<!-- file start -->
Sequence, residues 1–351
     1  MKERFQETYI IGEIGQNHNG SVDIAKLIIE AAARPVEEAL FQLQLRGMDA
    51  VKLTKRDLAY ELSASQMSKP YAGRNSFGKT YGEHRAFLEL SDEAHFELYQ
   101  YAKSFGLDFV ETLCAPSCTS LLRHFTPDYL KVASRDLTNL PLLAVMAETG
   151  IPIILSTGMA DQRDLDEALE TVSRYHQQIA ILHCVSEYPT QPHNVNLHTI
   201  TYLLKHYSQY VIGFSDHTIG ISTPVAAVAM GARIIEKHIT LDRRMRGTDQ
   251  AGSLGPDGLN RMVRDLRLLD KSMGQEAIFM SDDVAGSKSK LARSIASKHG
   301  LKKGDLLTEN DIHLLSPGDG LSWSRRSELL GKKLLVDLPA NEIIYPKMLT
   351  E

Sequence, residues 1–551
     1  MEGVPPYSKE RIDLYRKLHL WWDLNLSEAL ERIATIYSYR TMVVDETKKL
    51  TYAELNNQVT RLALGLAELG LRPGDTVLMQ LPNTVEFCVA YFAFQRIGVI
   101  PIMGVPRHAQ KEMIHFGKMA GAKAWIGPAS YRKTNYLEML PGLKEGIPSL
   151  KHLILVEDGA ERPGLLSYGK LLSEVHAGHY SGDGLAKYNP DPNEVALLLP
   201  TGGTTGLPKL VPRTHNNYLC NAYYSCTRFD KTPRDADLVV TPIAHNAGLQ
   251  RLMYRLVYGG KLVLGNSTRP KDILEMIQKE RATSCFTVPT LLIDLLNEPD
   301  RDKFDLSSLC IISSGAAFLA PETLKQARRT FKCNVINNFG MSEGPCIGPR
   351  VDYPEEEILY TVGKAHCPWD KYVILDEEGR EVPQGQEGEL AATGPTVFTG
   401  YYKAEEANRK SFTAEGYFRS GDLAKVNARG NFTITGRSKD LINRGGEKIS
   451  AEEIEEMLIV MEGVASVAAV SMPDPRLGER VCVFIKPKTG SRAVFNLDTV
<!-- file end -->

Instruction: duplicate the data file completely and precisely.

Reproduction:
Sequence, residues 1–351
     1  MKERFQETYI IGEIGQNHNG SVDIAKLIIE AAARPVEEAL FQLQLRGMDA
    51  VKLTKRDLAY ELSASQMSKP YAGRNSFGKT YGEHRAFLEL SDEAHFELYQ
   101  YAKSFGLDFV ETLCAPSCTS LLRHFTPDYL KVASRDLTNL PLLAVMAETG
   151  IPIILSTGMA DQRDLDEALE TVSRYHQQIA ILHCVSEYPT QPHNVNLHTI
   201  TYLLKHYSQY VIGFSDHTIG ISTPVAAVAM GARIIEKHIT LDRRMRGTDQ
   251  AGSLGPDGLN RMVRDLRLLD KSMGQEAIFM SDDVAGSKSK LARSIASKHG
   301  LKKGDLLTEN DIHLLSPGDG LSWSRRSELL GKKLLVDLPA NEIIYPKMLT
   351  E

Sequence, residues 1–551
     1  MEGVPPYSKE RIDLYRKLHL WWDLNLSEAL ERIATIYSYR TMVVDETKKL
    51  TYAELNNQVT RLALGLAELG LRPGDTVLMQ LPNTVEFCVA YFAFQRIGVI
   101  PIMGVPRHAQ KEMIHFGKMA GAKAWIGPAS YRKTNYLEML PGLKEGIPSL
   151  KHLILVEDGA ERPGLLSYGK LLSEVHAGHY SGDGLAKYNP DPNEVALLLP
   201  TGGTTGLPKL VPRTHNNYLC NAYYSCTRFD KTPRDADLVV TPIAHNAGLQ
   251  RLMYRLVYGG KLVLGNSTRP KDILEMIQKE RATSCFTVPT LLIDLLNEPD
   301  RDKFDLSSLC IISSGAAFLA PETLKQARRT FKCNVINNFG MSEGPCIGPR
   351  VDYPEEEILY TVGKAHCPWD KYVILDEEGR EVPQGQEGEL AATGPTVFTG
   401  YYKAEEANRK SFTAEGYFRS GDLAKVNARG NFTITGRSKD LINRGGEKIS
   451  AEEIEEMLIV MEGVASVAAV SMPDPRLGER VCVFIKPKTG SRAVFNLDTV